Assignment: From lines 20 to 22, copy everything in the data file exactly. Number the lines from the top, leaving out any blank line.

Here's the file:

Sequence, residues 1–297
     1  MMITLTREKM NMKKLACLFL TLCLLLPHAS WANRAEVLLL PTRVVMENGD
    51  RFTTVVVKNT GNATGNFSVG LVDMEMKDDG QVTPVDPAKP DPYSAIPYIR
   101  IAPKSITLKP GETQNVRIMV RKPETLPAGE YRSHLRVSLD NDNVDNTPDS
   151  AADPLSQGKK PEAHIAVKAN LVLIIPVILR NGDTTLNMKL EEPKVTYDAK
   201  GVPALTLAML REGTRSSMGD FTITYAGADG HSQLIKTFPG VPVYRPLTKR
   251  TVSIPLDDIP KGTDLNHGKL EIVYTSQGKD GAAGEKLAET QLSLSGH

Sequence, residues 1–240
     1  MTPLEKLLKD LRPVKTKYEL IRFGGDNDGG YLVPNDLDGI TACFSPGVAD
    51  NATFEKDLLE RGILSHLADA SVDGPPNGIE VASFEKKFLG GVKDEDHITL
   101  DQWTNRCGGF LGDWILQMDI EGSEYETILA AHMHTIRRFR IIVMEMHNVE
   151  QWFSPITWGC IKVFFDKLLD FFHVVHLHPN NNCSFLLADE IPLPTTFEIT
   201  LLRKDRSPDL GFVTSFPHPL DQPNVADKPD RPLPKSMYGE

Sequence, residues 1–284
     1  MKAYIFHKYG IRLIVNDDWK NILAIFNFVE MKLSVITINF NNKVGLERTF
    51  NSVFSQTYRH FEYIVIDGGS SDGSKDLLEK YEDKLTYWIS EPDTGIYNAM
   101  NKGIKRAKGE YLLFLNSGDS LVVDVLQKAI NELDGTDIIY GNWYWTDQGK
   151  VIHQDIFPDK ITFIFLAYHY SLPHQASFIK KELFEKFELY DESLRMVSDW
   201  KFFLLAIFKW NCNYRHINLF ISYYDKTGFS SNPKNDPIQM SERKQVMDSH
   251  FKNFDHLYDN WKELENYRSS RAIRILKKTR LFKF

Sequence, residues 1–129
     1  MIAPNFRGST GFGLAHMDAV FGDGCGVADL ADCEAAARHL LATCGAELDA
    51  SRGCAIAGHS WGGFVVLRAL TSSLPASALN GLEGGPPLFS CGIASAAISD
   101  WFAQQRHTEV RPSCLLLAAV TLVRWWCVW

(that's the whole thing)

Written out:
   251  FKNFDHLYDN WKELENYRSS RAIRILKKTR LFKF

Sequence, residues 1–129
     1  MIAPNFRGST GFGLAHMDAV FGDGCGVADL ADCEAAARHL LATCGAELDA